Young's books recommend a low-stress lifestyle and a high-water-content, high-chlorophyll, plant-based diet. He recommends moderate intake of high-carbohydrate vegetables, some grains, and fresh fish. Young recommends abstaining from "acidic" foods—sugar, red meat, shellfish, eggs, dairy, processed and refined foods, stored grains, artificial sweeteners, alcohol, coffee, chocolate, and sodas—because he believes that such foods overload the body with acidity and cause disease. Young claims that disorders such as weight gain, water retention, high cholesterol, kidney stones, and tumors are all life-saving mechanisms for dealing with excess acidity in the body.
Research supporting alkaline diets, like that promoted by Young, is limited to in vitro and animal studies. A number of recent systematic reviews and meta-analyses in the medical literature have concluded that there is no evidence that alkaline diets are beneficial to humans.
According to a book review by the Academy of Nutrition and Dietetics, some aspects of his diet, such as the emphasis on eating green leafy vegetables and exercise, would likely be healthy; however, the diet overall "is not a healthy way to lose weight." Quackwatch describes Young's claims to be a distinguished researcher as "preposterous", notes that his credentials come mainly from unaccredited schools, and characterizes his ideas as "fanciful".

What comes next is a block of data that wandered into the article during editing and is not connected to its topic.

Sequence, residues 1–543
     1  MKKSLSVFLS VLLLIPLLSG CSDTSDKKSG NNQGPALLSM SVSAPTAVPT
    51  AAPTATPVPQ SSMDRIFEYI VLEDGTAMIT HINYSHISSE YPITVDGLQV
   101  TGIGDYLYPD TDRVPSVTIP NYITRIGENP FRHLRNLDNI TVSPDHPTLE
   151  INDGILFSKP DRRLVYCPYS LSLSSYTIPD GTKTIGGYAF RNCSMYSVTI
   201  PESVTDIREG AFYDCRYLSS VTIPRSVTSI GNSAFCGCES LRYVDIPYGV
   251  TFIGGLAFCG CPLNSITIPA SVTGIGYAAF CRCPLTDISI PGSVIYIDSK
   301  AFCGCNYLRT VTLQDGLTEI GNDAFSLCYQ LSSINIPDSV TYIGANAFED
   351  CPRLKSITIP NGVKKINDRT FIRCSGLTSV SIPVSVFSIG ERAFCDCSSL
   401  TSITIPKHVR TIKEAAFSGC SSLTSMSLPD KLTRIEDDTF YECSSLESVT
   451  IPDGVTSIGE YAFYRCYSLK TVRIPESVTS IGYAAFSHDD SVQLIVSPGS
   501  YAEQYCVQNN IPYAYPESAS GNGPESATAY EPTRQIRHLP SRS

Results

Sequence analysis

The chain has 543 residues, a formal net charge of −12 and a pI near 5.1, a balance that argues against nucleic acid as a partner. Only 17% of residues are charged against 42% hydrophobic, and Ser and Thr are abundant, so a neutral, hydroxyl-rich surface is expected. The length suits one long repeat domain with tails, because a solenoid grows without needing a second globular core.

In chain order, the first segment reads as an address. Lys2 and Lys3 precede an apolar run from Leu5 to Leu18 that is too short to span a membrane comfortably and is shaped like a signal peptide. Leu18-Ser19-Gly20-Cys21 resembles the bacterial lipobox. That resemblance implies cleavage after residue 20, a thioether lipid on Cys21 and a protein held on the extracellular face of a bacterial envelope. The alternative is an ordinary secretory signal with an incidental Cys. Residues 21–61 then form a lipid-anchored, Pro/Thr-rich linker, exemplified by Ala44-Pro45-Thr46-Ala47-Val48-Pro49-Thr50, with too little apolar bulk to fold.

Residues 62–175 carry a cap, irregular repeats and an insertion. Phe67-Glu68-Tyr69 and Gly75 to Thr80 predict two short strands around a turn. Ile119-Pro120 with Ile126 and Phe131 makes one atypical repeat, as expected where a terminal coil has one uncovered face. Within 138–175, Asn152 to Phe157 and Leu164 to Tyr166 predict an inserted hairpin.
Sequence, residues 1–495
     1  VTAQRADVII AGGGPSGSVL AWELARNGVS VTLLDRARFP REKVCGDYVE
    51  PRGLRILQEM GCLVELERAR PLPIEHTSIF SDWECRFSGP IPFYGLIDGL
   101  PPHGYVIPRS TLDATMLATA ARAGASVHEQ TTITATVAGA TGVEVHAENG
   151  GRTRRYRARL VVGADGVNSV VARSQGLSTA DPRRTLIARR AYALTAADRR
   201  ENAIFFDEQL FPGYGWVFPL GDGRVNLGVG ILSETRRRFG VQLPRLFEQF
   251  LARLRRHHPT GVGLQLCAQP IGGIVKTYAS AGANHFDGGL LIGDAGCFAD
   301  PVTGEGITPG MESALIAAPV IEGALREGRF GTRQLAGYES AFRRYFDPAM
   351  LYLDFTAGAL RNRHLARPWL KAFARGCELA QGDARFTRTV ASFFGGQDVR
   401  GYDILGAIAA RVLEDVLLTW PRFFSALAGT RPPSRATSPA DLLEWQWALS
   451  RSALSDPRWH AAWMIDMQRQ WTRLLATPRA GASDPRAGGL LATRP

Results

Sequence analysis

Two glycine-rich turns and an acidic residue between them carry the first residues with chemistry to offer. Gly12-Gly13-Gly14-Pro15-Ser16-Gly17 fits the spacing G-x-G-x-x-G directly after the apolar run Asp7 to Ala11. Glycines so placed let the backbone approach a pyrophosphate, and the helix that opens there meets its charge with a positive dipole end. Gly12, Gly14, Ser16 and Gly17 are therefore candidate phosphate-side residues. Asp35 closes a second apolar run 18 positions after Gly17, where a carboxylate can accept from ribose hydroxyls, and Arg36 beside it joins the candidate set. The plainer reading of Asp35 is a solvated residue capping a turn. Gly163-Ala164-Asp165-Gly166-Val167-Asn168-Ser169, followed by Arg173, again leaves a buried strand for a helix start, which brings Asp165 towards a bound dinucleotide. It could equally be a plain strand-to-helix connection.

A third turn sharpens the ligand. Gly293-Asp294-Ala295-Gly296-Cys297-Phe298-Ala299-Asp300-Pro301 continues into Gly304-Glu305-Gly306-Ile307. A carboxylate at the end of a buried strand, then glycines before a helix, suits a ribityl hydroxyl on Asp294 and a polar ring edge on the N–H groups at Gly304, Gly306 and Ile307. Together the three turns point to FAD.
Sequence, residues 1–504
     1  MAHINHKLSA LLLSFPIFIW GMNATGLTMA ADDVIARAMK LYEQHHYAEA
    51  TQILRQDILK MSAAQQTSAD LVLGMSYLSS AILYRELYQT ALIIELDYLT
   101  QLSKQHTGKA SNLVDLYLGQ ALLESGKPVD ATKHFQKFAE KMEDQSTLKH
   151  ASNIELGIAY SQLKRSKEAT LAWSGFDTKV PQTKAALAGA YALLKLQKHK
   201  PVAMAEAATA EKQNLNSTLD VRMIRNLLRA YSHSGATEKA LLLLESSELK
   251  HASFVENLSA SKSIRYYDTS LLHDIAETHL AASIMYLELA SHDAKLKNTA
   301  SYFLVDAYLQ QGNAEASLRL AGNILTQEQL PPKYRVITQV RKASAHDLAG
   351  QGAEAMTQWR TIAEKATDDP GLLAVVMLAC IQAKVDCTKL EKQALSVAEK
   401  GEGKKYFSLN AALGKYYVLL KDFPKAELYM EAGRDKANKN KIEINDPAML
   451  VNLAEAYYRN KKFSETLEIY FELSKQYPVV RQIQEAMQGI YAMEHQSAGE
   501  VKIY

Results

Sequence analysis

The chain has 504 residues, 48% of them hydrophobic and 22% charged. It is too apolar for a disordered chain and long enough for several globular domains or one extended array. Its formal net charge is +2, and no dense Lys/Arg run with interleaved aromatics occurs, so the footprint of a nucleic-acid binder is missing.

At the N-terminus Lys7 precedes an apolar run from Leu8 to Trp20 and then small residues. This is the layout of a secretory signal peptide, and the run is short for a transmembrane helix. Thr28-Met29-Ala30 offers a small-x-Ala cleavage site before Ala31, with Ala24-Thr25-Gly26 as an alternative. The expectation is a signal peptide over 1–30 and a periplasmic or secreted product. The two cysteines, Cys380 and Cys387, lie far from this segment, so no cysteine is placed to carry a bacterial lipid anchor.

Young bases some of his theories, research, and written works on the alternative medical approach of live blood analysis. Young teaches microscopy courses in which he trains people to perform live blood analysis as well as dry blood analysis. Young has stated that he teaches live blood analysis solely for research and educational purposes, and not for use in diagnosing medical conditions, which the San Diego Union-Tribune characterizes as "a legal distinction that some might find elusive in practice".
Live blood analysis is used by alternative medical practitioners, who claim it to be a valuable qualitative assessment of a person's state of health. Live blood analysis lacks scientific foundation, and has been described as a fraudulent means of convincing patients to buy dietary supplements and as a medically useless "money-making scheme". Live blood analysis has been described by the U.S. Department of Health and Human Services as an "unestablished laboratory test", or test that is not generally accepted in laboratory medicine.
In 1995, Young allegedly drew blood from two women, told them they were ill, and then sold them herbal products to treat these illnesses. He was charged with two third-degree felony counts of practicing medicine without a license, but pled guilty to a reduced misdemeanor charge. Young argued that he had never claimed to be a medical doctor, that the women had entrapped him by asking to be part of his research, and that he "looked at the women's blood and simply gave them some nutritional advice."